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Overcoming OEM Challenges for Noise, Vibration & Harshness in BEVs

September 7, 2022

It’s 6:42 am during your morning commute and you hear a faint thunk, thunk, thunk over the sound of your engine. You turn down the radio and wonder, Has my car always made that noise? Should I take it in?

Struggling to hear and interpret noises over the sound of an engine is par for the course when driving internal combustion engine (ICE) vehicles. But without the sound of an engine to mask noises from other vehicle components, battery electric vehicle (BEV) drivers will be able to hear every click, whir and bump, on top of wind and road noise – making for a driving experience that’s noisy (and annoying) in a whole new way. On top of that, drivers may take their vehicles in for service more often because they hear noises that were drowned out by their previous ICE vehicle’s engine – creating a learning curve as consumers readjust to a new driving experience.

While these challenges aren’t often top of mind when consumers think about the BEV journey to market – they more often point to range and charging options – engineers have considered noise, vibration and harshness (NVH) performance in vehicles for decades.

It can be hard to understand the effect that NVH has on drivers, as the vast majority have dealt with NVH situations associated with ICE vehicles their entire lives. However, according to SAE International, vehicle accessory, road and wind noise can cause driver fatigue and an overall negative effect on the passenger experience in long, high-speed vehicle travel. Without the noise of the engine, sounds from HVAC systems, chassis components and switching mechanisms become more prominent. Thus, OEMs must consider the NVH performance of every component in a BEV.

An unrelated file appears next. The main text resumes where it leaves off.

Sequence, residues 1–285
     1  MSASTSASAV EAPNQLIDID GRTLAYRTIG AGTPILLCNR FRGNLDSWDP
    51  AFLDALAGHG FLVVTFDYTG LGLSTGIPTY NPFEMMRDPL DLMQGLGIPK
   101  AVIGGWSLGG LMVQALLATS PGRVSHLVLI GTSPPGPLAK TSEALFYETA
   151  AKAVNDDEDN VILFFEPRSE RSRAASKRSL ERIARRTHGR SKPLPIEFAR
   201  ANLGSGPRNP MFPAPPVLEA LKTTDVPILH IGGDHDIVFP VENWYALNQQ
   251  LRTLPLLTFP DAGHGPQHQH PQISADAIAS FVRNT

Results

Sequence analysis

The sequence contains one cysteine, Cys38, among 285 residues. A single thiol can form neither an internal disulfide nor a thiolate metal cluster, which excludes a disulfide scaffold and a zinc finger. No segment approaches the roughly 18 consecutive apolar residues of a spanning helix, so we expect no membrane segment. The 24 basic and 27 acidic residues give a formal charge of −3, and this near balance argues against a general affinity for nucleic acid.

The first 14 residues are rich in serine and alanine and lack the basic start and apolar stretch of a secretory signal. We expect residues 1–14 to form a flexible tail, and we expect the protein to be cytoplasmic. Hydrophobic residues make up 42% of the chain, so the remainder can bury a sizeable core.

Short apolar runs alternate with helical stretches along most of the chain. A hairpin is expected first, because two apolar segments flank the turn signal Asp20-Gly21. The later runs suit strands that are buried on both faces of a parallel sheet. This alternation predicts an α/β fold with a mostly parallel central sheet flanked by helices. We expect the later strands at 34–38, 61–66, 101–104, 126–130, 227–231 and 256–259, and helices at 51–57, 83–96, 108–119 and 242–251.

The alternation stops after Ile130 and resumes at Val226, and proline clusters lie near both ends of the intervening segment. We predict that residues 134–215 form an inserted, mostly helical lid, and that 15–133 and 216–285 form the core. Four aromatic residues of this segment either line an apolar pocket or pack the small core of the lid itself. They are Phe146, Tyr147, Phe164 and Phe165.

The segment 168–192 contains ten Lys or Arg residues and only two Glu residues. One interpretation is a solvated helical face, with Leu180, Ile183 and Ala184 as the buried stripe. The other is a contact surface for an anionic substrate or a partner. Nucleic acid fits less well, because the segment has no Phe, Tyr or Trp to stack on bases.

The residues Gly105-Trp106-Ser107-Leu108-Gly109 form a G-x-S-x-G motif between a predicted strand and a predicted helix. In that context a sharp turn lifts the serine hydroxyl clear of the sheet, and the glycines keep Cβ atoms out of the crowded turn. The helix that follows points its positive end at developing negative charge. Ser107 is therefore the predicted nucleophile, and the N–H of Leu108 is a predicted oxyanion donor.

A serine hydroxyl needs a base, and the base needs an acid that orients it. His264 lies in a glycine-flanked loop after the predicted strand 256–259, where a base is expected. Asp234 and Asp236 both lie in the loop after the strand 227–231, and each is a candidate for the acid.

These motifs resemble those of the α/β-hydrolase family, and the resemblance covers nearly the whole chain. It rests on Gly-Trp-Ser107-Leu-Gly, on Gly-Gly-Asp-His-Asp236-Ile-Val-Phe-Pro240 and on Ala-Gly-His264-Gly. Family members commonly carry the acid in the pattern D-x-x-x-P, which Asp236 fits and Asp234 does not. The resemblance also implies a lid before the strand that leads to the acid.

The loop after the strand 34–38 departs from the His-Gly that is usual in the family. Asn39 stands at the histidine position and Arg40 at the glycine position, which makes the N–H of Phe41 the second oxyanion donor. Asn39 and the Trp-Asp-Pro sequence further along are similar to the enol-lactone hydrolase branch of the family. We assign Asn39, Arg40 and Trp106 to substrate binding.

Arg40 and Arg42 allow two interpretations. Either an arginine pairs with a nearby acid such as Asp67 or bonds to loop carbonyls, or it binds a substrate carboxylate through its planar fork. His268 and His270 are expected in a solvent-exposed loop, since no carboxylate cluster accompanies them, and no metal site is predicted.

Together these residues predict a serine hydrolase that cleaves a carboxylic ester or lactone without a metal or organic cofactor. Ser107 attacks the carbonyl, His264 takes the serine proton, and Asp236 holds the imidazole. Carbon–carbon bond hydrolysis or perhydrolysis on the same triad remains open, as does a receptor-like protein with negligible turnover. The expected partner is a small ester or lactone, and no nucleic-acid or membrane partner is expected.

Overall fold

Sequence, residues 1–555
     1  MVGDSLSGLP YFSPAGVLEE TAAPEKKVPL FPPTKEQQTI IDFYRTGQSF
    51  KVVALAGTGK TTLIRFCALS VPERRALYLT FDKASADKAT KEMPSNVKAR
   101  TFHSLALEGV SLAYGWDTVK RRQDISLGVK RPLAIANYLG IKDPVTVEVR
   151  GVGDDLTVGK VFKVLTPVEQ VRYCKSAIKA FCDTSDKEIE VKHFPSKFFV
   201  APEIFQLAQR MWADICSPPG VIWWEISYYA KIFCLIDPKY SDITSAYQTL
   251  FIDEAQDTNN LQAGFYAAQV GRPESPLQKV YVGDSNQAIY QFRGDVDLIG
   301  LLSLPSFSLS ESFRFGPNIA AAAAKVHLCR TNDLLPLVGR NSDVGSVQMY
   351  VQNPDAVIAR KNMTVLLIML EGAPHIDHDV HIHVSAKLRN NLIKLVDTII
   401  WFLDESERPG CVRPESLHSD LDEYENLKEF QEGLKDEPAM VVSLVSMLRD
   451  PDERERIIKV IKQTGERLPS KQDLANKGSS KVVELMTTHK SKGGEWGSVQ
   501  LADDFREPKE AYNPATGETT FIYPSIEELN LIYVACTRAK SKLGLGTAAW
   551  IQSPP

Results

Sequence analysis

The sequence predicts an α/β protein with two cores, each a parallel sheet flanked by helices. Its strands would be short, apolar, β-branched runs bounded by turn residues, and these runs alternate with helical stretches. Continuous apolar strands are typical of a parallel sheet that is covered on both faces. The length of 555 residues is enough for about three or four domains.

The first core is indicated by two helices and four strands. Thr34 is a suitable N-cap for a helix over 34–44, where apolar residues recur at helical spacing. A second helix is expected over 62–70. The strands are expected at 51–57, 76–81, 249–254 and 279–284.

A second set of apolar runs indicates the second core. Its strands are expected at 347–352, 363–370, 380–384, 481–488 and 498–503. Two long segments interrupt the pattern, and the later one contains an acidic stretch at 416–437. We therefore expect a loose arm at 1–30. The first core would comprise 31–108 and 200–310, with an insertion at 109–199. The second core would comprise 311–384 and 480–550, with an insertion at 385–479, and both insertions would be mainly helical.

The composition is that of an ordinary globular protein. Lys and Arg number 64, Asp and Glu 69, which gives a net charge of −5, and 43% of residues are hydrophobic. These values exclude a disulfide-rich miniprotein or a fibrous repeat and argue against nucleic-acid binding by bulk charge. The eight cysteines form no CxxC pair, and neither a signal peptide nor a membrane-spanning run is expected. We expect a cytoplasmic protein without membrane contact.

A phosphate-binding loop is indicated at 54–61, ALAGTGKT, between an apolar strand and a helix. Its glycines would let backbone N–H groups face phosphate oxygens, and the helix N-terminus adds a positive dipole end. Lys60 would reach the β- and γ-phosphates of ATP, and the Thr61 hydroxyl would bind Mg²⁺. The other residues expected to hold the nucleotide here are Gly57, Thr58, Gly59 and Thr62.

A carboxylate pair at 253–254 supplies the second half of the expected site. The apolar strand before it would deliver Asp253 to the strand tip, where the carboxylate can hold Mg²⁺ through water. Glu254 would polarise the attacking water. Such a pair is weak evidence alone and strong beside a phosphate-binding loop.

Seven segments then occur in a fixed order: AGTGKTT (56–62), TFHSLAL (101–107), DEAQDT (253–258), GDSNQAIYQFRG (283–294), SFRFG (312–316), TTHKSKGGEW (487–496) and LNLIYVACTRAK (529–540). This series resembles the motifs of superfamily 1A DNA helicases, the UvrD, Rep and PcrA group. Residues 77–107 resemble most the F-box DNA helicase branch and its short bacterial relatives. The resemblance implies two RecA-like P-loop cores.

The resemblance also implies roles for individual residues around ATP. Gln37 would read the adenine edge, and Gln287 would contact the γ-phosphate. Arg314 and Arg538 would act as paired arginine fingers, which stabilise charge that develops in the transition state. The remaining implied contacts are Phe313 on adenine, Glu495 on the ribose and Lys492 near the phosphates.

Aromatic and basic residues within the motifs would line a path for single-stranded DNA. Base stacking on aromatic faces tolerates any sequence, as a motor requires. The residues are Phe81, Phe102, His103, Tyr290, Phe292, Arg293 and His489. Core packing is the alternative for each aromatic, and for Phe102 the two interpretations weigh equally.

While motors can also be controlled to generate white noise to mask sounds, Nexteer is addressing these challenges through innovation at the chassis level to create a more comfortable driving experience.

 Steering & Driveline Technologies for Quieter, More Efficient BEVs

As a global leader in intuitive motion control, Nexteer has tailored our steering and driveline technologies to offer superior NVH performance and comfort – creating components that are as quiet, smooth and efficient as possible. This focus on acoustic and vibration performance at the chassis level will help overcome OEM challenges with BEVs and give drivers more comfortable BEV driving experiences.

In the driveline product line, innovations such as premium, specialized joints help us deliver low friction and the NVH performance that OEMs and BEV drivers need. Our TriGlide Joints deliver industry-leading NVH performance and Ball Spline Axles enable NVH improvements along with extreme durability, even at ultra-high driveline angles. Apart from NVH advantages, Nexteer’s driveline products support BEVs by offering low mass, compact solutions that help accommodate the space batteries need, as well as expanded fatigue requirements due to increased torque and regenerative braking duty cycle. Lightweight products and high efficiency joints also help reduce overall vehicle weight – thus improving battery driving range.

In steering systems, our focus on steering sub-system acoustic and vibration performance across both electric power steering (EPS) and steer-by-wire (SbW) systems optimizes NVH performance to overcome the challenges presented by BEVs. In addition, our high output, under-hood EPS systems can accommodate heavier load requirements of BEVs with increased battery weight.

As the transition to a more electrified future continues, we work with our OEM customers to anticipate and overcome challenges, such as NVH. We are committed to working with OEMs to accelerate mobility – including BEVs – to be safe, green and exciting.

Steven Harris
Steven Harris is Nexteer’s Vice President of Global Engineering. He is responsible for global product and manufacturing engineering activities, implementing the product portfolio and production support.